For many, sitting in an enclosed space with lots of strangers is a bit scary right now. Since the pandemic hit, the number of people choosing to fly has tanked.
But in Alaska, that’s often not an option. Some families needing medical care have been postponing their trips for as long as they can rather than traveling.
Melissa O’Bryan has taken six flights in the month of August alone. Her son Owen has a seizure disorder and a thyroid disorder, and typically visits Seattle Children’s hospital at least every three months. Plus, the family recently flew to Kansas to pick up Owen’s service dog.
“When COVID first hit, we actually had appointments scheduled and we canceled them. I didn’t feel safe taking my son to Seattle at that time,” she said.
She postponed some appointments and switched others to telemedicine. But she lives in Ketchikan, so she couldn’t put off flying forever.
“There’s certain surgical procedures that have to be done that can only be done in Seattle,” she said. “So it’s, it’s definitely, it’s definitely a struggle for Southeast.”
She routinely has to travel out of state for her son’s health care. That’s normal.
“What’s not normal is, you know, having to quarantine and having to test and making sure our employers understood that, that not only were we going to be gone for a week, but then we would have this time period afterwards.”
Her day job is program director at Southeast Alaska Independent Living, or SAIL, which helps senior citizens and those with disabilities. So she’s helped many families navigate these kinds of decisions. And she says that while she’s lucky to be able to afford hotel costs for isolation after flying, that’s not the case for everyone.
She recounted one client’s dilemma.
“He was going to come home and, and quarantine in a tent because he didn’t want to potentially expose his, his wife who was also immune compromised.”
In the end, SAIL helped the man spring for a hotel room.
But this does illustrate how juggling the necessity of medical visits with the risks from traveling creates a sort of Catch-22. O’Bryan recounted how in her recent travel, she noticed that not everyone around her takes the pandemic seriously.
“Every single time a flight attendant would walk away, somebody would take their mask off,” O’Bryan said.
Amanda Hulstine is a nurse practitioner and owner of a family health clinic in Ketchikan. She says she routinely talks through the pros and cons of traveling for treatment. She has some standard questions for patients:
“What are they traveling for? Is it something that should not be postponed for a reason? And then if the travel is truly necessary that they go, what is their risk?”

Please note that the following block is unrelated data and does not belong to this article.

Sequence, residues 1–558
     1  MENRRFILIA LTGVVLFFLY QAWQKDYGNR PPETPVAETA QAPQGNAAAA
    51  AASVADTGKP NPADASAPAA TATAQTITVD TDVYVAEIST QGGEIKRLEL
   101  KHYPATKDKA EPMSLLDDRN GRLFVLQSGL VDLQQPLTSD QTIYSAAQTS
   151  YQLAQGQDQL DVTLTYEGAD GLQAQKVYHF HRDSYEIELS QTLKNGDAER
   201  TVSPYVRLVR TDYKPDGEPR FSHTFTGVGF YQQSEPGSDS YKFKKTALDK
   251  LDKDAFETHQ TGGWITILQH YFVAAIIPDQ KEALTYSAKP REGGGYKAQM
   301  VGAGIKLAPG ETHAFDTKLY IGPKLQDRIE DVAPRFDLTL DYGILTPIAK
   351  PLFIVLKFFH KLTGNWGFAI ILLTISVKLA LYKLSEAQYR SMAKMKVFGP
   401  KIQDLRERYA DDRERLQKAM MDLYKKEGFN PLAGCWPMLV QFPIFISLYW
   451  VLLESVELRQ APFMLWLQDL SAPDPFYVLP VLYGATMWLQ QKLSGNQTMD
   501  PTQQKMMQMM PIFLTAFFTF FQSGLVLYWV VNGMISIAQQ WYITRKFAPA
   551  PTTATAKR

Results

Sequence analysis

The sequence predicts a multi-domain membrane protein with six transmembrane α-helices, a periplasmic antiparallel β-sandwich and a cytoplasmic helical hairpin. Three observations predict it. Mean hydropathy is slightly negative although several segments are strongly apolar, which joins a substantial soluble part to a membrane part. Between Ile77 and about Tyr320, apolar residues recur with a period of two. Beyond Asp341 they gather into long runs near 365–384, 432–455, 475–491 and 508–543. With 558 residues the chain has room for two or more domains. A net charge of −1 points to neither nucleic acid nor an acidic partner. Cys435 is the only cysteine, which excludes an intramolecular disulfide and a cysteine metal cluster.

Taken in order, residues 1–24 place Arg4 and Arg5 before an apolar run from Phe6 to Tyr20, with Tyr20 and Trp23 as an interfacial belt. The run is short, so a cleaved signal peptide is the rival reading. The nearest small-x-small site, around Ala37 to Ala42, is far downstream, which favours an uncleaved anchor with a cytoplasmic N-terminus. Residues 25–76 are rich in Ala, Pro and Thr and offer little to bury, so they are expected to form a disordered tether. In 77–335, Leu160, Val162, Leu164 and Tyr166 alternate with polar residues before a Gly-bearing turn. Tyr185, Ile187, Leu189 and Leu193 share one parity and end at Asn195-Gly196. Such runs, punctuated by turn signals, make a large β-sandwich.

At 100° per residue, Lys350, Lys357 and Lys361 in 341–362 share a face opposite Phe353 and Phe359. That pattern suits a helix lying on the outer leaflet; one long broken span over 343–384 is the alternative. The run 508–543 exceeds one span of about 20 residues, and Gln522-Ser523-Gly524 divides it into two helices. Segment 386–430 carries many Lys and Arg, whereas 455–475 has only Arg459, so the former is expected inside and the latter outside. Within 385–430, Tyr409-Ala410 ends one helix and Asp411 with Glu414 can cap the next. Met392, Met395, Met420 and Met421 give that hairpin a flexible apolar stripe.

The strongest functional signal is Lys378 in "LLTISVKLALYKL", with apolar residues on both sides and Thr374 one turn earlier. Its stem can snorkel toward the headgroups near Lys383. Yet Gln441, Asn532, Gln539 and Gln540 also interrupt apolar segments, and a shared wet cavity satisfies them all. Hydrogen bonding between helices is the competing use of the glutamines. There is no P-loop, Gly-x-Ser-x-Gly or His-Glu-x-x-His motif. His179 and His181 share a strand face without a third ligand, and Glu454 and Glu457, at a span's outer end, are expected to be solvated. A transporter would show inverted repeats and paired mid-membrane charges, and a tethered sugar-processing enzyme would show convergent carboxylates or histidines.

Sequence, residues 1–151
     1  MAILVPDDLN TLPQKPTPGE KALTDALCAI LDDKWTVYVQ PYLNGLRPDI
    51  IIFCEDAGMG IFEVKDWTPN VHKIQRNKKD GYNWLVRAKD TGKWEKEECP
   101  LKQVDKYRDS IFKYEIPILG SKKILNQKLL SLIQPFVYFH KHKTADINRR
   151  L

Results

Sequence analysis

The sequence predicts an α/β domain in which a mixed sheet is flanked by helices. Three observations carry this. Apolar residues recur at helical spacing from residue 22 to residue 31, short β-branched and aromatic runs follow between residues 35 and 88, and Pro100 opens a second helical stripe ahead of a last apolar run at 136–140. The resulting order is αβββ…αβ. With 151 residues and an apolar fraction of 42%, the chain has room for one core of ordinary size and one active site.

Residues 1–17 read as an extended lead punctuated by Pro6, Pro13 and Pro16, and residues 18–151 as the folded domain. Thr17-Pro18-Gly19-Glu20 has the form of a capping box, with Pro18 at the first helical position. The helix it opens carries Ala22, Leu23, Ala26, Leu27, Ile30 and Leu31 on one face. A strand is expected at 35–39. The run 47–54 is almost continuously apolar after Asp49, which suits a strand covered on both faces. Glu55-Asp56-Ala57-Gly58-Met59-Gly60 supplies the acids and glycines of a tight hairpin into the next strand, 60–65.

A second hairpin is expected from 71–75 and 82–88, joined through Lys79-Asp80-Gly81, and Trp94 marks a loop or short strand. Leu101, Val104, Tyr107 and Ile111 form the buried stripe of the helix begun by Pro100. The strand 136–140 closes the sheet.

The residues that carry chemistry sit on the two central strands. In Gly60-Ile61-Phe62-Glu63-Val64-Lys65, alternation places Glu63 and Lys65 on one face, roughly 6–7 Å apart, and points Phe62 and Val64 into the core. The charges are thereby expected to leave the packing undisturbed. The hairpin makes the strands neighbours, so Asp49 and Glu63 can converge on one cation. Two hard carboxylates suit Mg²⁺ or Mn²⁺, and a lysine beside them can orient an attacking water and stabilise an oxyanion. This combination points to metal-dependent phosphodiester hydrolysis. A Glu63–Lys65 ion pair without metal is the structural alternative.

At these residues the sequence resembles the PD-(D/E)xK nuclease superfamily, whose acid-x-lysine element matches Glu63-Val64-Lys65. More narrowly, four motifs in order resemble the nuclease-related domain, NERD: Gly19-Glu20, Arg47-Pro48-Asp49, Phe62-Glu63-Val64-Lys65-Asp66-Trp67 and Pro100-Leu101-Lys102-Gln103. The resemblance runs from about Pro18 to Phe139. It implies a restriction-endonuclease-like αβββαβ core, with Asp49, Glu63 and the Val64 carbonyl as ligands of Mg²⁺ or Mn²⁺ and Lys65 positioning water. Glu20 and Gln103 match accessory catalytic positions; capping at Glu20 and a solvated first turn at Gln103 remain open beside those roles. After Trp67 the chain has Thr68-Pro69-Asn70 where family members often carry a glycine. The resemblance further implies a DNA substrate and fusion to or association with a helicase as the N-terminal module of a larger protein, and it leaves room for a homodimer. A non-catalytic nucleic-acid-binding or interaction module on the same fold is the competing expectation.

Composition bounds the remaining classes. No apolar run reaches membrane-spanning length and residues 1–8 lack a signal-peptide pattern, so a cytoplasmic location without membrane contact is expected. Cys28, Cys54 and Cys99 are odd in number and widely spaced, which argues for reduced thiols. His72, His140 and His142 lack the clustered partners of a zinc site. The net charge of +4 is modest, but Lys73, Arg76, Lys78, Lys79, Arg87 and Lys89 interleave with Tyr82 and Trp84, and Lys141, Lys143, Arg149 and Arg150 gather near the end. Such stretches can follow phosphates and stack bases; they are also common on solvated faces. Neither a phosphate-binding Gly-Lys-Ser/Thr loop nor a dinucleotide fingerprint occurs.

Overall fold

She recounts the early days of the pandemic — this spring — when the Seattle area was one of the biggest COVID-19 hot spots in the country, and hospitals made the decision for patients.
“I have had numerous clients who had their treatments or their surgeries or anything completely postponed because of it,” she said.
Sometimes it’s the patients that postpone the appointment. Roger and Susan Stone canceled their March doctor’s visit in Seattle because they’re at higher risk for COVID-19. Susan began her fourth round of cancer treatment in January. Eventually they had to get on a plane in August.
“I wasn’t real thrilled about going to Seattle,” she said. “But, you know, like I said, I didn’t really have an option. But again, we were really careful when we went there.”
Susan Stone says the trip went well and that she’s had a positive experience with her treatment. But she and her husband are worried about others not following travel mandates.
“My fear is that because there’s probably a large percentage of people getting off at airplanes ’cause a flight terminated here that didn’t go through the testing or the question period, you know, what is the exposure to the community?” Roger Stone said.
The changing travel restrictions and increased fears of flying might end up pushing families to seek treatment closer to home. Both the Stone and O’Bryan families say they’ve spent more time with their physicians in Ketchikan.
“The partnership between our hospital and the hospital there has really lessened the time that I have to be en route or down in Seattle, which I’ve very much appreciated,” Susan Stone said.
No one knows how long the pandemic and subsequent fears of flying will continue. And while getting on a plane for treatment is a necessary hassle for some, the pandemic might also result in people getting to know their local doctors a little better.